US hard line on terrorism alienates allies

Bush policy on 'problem states' causes drift of friends: French even call it a threat.

At the opening ceremony of the Winter Olympics, the delegation of French athletes went further than any other to express solidarity with the post-Sept. 11 United States: They carried small French and American flags attached back to back.

It was an endearing gesture from America's oldest ally. But while the cut-and-paste job was successful in Salt Lake City, it's going to be harder to overcome widening gaps between the US and its European allies - the backbone of the "coalition" against terrorism.

What's driving such speculation: the shock many Europeans felt at how handily American military might knocked out an unfriendly regime in Afghanistan - a place known for centuries as a graveyard for empires. Afghanistan demonstrated that an America that chooses to is capable of going it alone.

"There's real drift occurring in the alliance, and it's not just over cultural criticism of the US or differences over the death penalty," says John Hulsman, a senior research fellow in European issues at the Heritage Foundation in Washington. "The US has made it clear it's not going to let the Lilliputians tie Gulliver up, and that has some of them terrified."

In the wake of success in Afghanistan, a shift by the Bush administration to a more offensive and preemptive footing in the battle with terror has Europeans worried about where the US could strike next.

President Bush's grouping of Iran, Iraq, and North Korea as an "axis of evil" in his State of the Union address put Europeans on guard that countries they may prefer to deal with in other than a military manner could soon face American strikes.

Some diplomatic experts have speculated since the early days of the coalition that a key objective of some allies in joining the terror fight was to rein in a wounded US understandably bent on striking the Sept. 11 perpetrators. But now some of these allies fear being dragged into a wider conflict they do not support.

The sharpest criticism of the US came last week from French Foreign Minister Hubert Védrine, who said the emerging US approach to problem states is "not well thought out." He went so far as to categorize US policy as a threat, saying, "Today we are threatened by a new simplistic approach that reduces all the problems in the world to the struggle against terrorism."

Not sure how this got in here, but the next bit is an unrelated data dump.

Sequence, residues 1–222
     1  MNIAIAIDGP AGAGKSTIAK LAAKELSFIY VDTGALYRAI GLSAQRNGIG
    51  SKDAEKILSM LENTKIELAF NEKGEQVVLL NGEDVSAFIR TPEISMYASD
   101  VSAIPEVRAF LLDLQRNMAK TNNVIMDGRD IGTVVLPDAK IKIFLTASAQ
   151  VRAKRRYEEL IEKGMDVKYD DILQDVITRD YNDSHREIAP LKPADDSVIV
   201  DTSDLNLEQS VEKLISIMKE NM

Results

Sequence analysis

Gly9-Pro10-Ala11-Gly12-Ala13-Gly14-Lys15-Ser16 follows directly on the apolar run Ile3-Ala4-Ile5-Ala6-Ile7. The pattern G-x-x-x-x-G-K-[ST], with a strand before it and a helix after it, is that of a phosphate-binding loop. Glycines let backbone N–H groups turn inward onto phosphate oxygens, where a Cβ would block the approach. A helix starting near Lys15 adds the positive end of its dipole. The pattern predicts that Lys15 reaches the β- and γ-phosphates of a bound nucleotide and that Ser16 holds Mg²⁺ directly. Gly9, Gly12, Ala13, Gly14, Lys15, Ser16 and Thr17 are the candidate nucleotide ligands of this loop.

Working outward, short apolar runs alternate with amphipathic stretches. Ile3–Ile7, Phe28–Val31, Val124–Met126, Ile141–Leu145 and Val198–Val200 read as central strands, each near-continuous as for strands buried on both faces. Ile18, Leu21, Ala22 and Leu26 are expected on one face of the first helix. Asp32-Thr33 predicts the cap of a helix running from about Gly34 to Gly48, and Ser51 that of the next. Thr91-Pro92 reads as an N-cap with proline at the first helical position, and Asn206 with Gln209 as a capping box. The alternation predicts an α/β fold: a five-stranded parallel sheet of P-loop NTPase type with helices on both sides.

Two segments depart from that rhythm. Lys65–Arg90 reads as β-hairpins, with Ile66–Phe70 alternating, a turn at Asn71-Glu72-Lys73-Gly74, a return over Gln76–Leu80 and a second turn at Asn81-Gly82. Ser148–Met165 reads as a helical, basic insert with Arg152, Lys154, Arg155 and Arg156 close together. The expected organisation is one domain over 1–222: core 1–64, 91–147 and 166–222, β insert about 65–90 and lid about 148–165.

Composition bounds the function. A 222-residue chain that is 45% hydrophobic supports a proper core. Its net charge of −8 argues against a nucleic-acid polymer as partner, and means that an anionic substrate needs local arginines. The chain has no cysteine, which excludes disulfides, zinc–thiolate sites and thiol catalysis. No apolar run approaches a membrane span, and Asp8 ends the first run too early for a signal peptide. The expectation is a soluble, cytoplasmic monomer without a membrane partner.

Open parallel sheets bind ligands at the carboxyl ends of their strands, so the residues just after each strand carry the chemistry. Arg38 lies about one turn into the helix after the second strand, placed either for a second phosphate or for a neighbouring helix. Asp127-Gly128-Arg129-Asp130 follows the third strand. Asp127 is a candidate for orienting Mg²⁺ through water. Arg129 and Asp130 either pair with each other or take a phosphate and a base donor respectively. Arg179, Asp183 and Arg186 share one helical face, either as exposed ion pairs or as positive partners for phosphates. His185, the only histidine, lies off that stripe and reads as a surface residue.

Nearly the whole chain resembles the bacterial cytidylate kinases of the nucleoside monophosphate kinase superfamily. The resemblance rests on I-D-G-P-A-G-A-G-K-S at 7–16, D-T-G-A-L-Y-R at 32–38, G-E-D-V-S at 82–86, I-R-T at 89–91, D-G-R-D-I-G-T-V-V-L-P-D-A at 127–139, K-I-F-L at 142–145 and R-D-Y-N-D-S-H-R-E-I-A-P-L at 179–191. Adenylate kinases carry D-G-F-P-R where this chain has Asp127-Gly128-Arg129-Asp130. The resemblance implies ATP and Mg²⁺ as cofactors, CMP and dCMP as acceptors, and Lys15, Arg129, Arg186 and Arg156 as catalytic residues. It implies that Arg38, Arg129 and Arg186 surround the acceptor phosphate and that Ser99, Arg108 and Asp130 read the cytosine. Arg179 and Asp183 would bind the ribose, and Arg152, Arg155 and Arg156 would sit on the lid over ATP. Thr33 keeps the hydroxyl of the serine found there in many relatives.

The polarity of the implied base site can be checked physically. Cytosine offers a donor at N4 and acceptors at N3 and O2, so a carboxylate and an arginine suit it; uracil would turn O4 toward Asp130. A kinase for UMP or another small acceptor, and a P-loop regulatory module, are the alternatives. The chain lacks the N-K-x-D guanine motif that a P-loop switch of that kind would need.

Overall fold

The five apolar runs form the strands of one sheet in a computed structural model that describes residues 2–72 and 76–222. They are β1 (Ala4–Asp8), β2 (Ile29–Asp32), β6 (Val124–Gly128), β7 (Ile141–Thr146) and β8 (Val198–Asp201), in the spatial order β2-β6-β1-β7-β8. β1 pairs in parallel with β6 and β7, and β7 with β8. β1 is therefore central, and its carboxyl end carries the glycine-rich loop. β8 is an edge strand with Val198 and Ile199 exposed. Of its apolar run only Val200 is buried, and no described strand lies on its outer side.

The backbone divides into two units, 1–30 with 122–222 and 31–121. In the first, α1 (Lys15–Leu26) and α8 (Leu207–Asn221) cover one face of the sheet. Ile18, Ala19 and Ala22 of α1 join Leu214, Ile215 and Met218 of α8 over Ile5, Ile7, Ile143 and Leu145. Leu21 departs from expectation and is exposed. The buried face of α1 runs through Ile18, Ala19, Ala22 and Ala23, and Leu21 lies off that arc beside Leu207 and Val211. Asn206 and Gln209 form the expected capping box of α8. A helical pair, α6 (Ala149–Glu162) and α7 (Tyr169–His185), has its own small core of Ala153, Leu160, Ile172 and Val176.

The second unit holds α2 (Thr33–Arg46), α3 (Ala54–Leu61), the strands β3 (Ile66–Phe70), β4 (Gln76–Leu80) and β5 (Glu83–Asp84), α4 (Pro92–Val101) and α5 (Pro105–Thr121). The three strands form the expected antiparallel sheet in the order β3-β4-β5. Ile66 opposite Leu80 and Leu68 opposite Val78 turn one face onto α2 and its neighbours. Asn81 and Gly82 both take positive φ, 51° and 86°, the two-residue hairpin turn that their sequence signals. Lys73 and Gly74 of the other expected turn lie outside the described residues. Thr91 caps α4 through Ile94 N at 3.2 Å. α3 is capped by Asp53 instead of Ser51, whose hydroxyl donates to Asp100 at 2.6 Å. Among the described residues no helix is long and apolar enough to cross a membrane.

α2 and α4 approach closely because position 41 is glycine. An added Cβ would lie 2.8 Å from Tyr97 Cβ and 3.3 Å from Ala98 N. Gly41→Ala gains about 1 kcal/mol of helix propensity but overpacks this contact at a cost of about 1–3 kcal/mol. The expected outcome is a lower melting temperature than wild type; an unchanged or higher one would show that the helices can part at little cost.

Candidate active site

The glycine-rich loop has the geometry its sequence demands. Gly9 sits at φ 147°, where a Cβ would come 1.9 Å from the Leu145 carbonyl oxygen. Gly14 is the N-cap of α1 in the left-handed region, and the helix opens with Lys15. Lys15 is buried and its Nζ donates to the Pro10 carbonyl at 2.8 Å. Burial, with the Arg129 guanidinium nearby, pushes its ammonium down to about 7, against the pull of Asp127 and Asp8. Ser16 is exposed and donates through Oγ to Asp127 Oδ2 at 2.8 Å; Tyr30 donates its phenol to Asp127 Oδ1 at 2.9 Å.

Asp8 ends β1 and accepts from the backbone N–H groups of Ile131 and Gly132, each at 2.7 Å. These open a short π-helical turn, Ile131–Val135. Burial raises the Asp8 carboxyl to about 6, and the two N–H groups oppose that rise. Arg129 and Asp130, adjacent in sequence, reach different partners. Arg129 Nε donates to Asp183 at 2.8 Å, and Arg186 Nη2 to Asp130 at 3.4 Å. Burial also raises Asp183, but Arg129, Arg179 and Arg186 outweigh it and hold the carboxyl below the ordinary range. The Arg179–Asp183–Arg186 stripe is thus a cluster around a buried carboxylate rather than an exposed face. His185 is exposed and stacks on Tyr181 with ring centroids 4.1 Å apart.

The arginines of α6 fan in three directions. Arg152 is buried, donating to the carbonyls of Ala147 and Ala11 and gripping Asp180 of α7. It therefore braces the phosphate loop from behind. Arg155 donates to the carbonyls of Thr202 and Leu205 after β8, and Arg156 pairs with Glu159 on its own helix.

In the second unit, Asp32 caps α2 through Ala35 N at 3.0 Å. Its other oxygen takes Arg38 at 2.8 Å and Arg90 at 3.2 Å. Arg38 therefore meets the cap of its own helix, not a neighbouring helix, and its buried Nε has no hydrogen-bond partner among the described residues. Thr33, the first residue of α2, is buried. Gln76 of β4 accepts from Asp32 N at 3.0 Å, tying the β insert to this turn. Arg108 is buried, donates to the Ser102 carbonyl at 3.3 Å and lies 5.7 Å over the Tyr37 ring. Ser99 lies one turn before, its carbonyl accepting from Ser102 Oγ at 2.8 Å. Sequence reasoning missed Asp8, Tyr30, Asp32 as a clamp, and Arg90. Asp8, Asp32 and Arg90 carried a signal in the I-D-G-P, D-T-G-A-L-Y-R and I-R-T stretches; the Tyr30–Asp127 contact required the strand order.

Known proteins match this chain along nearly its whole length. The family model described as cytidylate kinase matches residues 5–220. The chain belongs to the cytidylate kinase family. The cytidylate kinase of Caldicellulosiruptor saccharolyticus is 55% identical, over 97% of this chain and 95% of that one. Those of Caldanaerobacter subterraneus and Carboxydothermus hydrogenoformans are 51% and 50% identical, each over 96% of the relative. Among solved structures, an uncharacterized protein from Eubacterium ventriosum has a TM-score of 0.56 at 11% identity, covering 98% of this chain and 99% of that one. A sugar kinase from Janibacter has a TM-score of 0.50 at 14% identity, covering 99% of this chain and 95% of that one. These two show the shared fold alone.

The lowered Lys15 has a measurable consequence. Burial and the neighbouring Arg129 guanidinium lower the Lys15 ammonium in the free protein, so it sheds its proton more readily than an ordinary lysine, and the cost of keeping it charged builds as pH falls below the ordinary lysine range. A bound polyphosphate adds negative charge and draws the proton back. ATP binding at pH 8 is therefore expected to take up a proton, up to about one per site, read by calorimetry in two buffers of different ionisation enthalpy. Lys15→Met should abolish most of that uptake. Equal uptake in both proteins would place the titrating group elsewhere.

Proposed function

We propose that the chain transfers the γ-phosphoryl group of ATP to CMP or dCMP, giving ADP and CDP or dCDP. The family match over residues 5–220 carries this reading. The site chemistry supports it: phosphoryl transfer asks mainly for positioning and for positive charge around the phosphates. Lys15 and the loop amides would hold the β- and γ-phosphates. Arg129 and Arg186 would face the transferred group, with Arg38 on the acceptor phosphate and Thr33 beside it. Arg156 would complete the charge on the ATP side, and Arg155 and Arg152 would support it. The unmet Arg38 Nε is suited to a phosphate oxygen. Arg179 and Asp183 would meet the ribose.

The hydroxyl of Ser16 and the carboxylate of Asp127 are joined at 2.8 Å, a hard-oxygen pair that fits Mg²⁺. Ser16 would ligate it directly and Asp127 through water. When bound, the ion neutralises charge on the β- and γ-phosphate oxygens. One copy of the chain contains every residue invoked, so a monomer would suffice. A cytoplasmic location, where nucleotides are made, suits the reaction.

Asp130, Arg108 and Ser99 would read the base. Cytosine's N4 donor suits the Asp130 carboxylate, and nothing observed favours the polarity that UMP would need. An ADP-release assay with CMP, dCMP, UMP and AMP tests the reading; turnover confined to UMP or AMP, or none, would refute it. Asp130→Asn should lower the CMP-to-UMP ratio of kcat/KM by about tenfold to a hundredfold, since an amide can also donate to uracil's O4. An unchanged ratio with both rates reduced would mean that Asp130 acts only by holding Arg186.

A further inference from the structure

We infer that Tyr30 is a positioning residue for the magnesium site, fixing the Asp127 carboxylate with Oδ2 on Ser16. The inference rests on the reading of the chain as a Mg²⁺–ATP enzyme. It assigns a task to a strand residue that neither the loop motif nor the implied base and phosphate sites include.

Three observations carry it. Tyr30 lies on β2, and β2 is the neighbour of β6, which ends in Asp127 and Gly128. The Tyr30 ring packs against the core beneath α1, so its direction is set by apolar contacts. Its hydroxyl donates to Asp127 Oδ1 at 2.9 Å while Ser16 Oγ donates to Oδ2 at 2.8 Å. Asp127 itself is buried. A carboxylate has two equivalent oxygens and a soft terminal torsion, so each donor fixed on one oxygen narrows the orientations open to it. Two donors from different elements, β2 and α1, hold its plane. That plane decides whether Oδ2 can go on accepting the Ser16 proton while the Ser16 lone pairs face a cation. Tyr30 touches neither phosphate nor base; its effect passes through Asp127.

Yet British Foreign Minister Jack Straw played down the bellicose tones of Mr. Bush's speech, saying he heard it more as a domestic message in a US election year. Even so, Britain is especially concerned about ramifications of any US action against Iraq. This reflects growing international support for dealing with Iraq and its weapons programs through inspections and sanctions.

Russia, with substantial commercial ties to Iraq, has also favored an international approach based on negotiation rather than force.

Bush seemed to anticipate some of these responses when he said before Congress, "Some governments will be timid in the face of terror. And make no mistake about it: If they do not act, America will."

Part of the problem for Europeans is American military superiority, so clearly demonstrated in Afghanistan. Now, with Bush proposing a $48 billion increase in defense spending, the Europeans see the US pulling away like a racecar thrust in overdrive.

"The Europeans don't want the US to continue to outreach them as a power," says Andrew Bacevich, director of the Center for International Studies at Boston University. "But they're also not willing to spend the money to close the gap."

Just the $48 billion increase Bush wants is more than what any one of the US allies spends on defense, notes Heritage's Mr. Hulsman.

And it's not just the difference in spending, but a resulting gap in military capability and technology. Citing studies by the International Institute for Strategic Studies in London, which estimate the Europeans have only one-quarter the US defense capability, Hulsman says, "They don't spend enough, and they spend poorly."

Hulsman says there is "real shock" among Europeans over the US success in Afghanistan, and how it was achieved with night vision and other technologies beyond their capabilities. "The French in particular see this, and there's a kind of panic," he says. "[They] have a real sense the world is passing them by."

Also troubling to many allies, says Mr. Bacevich, is recent congressional testimony from Secretary of State Colin Powell indicating his full support for the administration's new act-alone-if-necessary doctrine. Mr. Powell is "the good soldier" taking the administration policy to the world, Bacevich says, but he's doing it forcefully. That has allies worried, he adds, that they've lost the top US official they could count on to promote the "engagement" approach more to their liking.

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